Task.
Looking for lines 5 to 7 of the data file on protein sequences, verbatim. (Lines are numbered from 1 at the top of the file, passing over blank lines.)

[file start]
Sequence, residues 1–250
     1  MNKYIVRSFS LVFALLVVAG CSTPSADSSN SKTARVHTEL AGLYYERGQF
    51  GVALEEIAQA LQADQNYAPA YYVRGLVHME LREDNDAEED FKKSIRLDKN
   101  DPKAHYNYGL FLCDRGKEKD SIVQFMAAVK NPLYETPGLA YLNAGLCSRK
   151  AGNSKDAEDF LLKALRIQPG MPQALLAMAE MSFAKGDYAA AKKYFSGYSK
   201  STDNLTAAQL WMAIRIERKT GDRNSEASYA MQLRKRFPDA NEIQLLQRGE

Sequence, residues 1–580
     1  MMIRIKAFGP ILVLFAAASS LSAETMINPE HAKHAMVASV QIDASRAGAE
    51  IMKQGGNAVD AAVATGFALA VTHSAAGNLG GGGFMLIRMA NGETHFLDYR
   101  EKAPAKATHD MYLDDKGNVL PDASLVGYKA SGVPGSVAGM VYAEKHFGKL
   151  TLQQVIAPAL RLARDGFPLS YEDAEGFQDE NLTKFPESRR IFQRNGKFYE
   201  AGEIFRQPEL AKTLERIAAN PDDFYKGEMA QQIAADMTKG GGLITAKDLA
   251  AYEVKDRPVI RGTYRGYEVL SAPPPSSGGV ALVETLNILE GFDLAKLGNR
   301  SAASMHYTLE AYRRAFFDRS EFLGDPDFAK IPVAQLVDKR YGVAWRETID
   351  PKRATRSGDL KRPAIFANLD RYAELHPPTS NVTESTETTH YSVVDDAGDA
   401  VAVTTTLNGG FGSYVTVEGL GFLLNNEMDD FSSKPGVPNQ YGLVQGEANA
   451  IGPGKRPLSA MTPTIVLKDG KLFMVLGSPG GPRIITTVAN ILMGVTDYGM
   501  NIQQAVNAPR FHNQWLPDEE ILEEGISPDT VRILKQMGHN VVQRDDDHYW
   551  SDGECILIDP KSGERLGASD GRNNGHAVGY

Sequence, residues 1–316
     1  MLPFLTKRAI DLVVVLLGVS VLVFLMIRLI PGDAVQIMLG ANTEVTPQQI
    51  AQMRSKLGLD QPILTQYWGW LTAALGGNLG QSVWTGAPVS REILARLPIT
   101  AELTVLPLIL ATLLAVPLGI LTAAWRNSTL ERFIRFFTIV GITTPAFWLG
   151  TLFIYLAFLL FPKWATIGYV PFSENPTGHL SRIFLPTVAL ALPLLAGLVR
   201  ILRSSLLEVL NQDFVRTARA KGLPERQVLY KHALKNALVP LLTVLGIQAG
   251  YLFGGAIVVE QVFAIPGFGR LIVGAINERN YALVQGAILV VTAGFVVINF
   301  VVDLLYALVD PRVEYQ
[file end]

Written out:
   151  AGNSKDAEDF LLKALRIQPG MPQALLAMAE MSFAKGDYAA AKKYFSGYSK
   201  STDNLTAAQL WMAIRIERKT GDRNSEASYA MQLRKRFPDA NEIQLLQRGE

Sequence, residues 1–580